Monday, 12 December 2011

Egypt Attraction of Red Sea

The most tourist visits remains the great monuments along the Nile, possibilities for Egyptian travel also includes snorkeling and diving along the Red Sea coast. Other tourist attractions in Egypt include camel trips into the mountains of Sinai, tours to remote oases or visits to the Coptic monasteries of the Eastern Desert.
To any person standing on its shore and gazing out across its heavenly waters, the Red Sea may  like to be a mislabeling. Its blueness is eternal and anything less red cannot be fantasize. The Red Sea, where the desert meets the ocean, is truly one of the planet’s most exotic and fascinating natural seascape environments. 

Water temperatures in the Red Sea remain abnormally invariable year round, in the summer. Low pressure systems develop in the Sahara Desert and draw hot dry east winds from Asia which cause the temperature to rise frequently along with sand storms. At the same time, lows develop over the Red Sea, bringing moist cold air from the south and creating clouds, haze, and more often rain. The northern land mass is the primary weight over temperature in the gulf, but this decreases to the south the closer you get to open sea.

Fishing is an art which still preserves time-honored methods, mostly due to the difficulties imposed by the dangers of the reef. The hook-and-line method of fishing has been in use for more than four thousand years and is still going strong. Conservation of certain species of fish and the dangers of over-fishing are both important issues for the government. The fisherman land a total of 8,000 metric tons of fish per year, which, although eight times as much as the Sudan, is less than half Egypt’s total catch.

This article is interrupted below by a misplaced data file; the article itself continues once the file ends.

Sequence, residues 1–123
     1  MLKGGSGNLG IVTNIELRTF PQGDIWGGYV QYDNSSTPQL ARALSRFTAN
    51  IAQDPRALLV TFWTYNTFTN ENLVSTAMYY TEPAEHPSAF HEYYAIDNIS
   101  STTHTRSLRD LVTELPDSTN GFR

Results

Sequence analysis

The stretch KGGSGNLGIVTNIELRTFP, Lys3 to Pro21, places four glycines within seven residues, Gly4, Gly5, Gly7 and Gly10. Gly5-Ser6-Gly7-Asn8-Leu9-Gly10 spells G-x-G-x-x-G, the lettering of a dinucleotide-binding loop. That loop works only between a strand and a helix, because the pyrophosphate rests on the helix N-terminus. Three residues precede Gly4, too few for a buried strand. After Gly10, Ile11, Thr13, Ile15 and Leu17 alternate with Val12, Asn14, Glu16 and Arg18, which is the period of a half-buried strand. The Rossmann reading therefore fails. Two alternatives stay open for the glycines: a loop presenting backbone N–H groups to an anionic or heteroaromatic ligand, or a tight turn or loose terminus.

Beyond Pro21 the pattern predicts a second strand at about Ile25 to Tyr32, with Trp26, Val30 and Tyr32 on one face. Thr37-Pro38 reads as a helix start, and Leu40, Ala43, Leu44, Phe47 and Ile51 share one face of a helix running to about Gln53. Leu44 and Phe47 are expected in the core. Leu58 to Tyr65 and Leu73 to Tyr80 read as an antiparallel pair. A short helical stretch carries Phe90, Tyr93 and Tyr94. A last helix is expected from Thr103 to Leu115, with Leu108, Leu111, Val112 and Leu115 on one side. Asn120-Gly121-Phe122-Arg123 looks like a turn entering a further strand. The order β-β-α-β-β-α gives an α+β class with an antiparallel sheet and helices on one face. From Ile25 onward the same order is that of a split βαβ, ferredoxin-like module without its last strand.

The Red Sea was created by the movement of plates in the Earth’s surface about 30 million years ago. In that time, the Arab peninsula started to part from Africa along a thin break line which was filled by the ocean’s water. However, "Mother Nature" did not stop there. Twenty million years ago another geological movement started. 

The Arab peninsula which parted from Africa, started to move to the north. That movement struck resistance in Turkey and swung to the east, and another break line was formed. This one stretching all the way from the northern part of Israel, through the Jordan valley to the Dead Sea, and finally through the Gulf of Eilat to Ras Mohamad at the southern point of the Sinai. 


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